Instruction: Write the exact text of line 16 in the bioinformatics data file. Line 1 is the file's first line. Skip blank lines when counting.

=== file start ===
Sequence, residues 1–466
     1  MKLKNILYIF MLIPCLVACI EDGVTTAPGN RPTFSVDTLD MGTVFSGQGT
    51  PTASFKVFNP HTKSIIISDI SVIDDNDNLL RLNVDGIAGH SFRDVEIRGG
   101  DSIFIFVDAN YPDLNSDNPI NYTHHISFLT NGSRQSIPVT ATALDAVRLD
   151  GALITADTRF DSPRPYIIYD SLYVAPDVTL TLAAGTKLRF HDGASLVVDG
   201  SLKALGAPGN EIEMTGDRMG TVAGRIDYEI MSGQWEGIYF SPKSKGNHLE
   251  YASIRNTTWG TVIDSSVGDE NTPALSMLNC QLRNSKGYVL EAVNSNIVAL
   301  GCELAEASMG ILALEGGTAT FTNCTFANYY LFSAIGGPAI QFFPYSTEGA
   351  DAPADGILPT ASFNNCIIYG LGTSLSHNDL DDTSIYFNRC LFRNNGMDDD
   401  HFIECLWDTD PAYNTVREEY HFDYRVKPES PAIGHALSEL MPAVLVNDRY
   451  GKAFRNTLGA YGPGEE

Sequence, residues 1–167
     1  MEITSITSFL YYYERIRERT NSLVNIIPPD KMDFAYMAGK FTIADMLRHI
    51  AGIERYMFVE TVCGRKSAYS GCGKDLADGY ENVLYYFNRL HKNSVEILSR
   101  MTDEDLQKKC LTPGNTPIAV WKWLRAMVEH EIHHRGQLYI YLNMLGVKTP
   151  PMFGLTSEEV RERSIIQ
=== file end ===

   151  PMFGLTSEEV RERSIIQ